What is ‘CPIP UK’?

CPIP UK is a follow-up programme for children with cerebral palsy or suspected cerebral palsy, allowing early detection of changes in muscles and joints with the option of earlier treatment for your child. This may prevent problems developing in the future.

What is Cerebral Palsy?

Cerebral Palsy (CP) is the term used for the physical disorder caused by brain injury or dysfunction occurring before the age of two. There are many different causes of cerebral palsy and the degree of functional impairment varies in each child from nearly normal function, to pronounced functional impairment.

Children with cerebral palsy often have increased tone (spasticity) in certain muscles while other muscles may be weakened. This can interfere with children’s ability to move and to learn to walk. Spasticity can also cause pain, and over time, shortening of muscles and tendons. When joints do not move normally they become permanently stiff because the soft tissues tighten around them (known as a contracture).

In some children, the imbalance in the hip joint can lead to pulling of the head of the thigh bone out of its position in the hip joint leading to hip dislocation. Imbalance in the back, can lead to a curved spine or scoliosis. There are many different treatment methods to decrease spasticity and to prevent contractures and hip dislocation. These may include exercise or stretching and positioning programmes from your physiotherapist, the use of splints during the day or at night or drug treatments to reduce the tightness in muscles. This does not describe all the treatments available. It is very important that the right treatments are available at an early stage to help prevent problems developing in order to achieve the best possible outcome.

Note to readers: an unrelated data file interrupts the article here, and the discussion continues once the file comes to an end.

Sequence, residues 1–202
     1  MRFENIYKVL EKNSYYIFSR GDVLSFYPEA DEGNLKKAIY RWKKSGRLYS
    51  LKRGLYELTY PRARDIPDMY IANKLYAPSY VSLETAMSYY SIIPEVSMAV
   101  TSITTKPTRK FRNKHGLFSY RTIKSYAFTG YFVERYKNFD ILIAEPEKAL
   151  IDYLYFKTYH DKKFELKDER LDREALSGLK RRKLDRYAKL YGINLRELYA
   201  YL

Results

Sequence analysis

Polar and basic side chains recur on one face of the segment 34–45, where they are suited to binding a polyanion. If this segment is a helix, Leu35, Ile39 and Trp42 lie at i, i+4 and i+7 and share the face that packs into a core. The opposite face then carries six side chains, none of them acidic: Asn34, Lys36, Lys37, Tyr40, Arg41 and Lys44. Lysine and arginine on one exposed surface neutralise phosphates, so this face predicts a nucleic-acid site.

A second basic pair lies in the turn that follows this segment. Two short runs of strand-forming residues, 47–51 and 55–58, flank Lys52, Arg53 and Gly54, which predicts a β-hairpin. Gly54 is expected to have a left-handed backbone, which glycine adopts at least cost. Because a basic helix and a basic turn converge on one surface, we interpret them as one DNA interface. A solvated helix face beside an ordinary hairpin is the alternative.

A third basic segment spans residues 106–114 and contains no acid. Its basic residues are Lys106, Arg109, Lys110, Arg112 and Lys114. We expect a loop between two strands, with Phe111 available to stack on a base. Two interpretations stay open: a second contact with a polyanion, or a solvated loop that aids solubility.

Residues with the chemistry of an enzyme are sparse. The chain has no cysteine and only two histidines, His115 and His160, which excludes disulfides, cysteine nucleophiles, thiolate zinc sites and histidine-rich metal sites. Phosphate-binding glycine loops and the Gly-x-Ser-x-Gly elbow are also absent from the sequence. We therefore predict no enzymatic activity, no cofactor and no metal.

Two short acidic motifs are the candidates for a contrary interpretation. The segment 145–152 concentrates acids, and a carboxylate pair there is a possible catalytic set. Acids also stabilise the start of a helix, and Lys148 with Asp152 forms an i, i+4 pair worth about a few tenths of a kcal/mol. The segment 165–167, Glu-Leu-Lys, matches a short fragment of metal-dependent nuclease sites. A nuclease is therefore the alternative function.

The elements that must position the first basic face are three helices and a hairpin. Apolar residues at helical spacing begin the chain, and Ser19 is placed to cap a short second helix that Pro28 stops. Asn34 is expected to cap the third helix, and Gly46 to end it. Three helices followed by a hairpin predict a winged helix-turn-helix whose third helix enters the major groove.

What is the purpose of CPIP UK?

The purpose of CPIP UK is to ensure that children with risk of developing contractures or hip dislocation are detected early enabling timely intervention. The goal is that no child should be affected by severe contractures or hip dislocation and that every child should receive the best possible function possible. Research has shown that x-rays of the hip taken at the right time can help us spot this problem earlier – and take steps to reduce the chance of it getting worse.

The follow-up within CPIP UK involves the child’s physiotherapist who will make an assessment of the child’s muscle tone, joint motion, ability and function twice a year until the child is aged six. After that, annual assessment is made until the child reaches adulthood. These assessments help the physiotherapist decide how often your child needs to be seen for treatment and what treatment options are best for your child. Regular assessment and early treatment combine to improve outcomes.


Children with CP should have an x-ray at 2 years of age. If your child is mildly affected you can expect one further x-ray aged 6 years. For those more severely affected there will be annual x-rays until age 8 years and then every other year. This is because there is a greater risk of hip dislocation in more severe cases.

All children will be invited for a final x-ray at age 16.

How successful is CPIP UK?

Children treated under a similar programme in Sweden experienced significantly fewer hip dislocations, significantly fewer children from this group developed major contractures and scoliosis through participation in the programme. There was also a decrease in the number of major orthopaedic operations performed for hip dislocation and the co-operation between different specialists involved in the care of children with cerebral palsy improved. Scotland has this programme in place and it is now being introduced across England.

CPIP UK in Hull/East Yorkshire

If your child has a diagnosis of Cerebral Palsy you will be invited to a CPIP UK assessment. The information from these assessments will be shared with parents, Paediatricians and Orthopaedic Doctors to help plan your child’s treatment and monitor them as they grow and develop.

The assessment works on a traffic light system – indicating areas that require monitoring, immediate action or no concern.

The above information has been taken from CPIPS – Cerebral palsy Integrated Pathway Scotland, Information for Parents Leaflet.

What to wear

Please bring your child in a P.E kit or similar clothing to ensure the physiotherapist is able to carry out the assessment easily.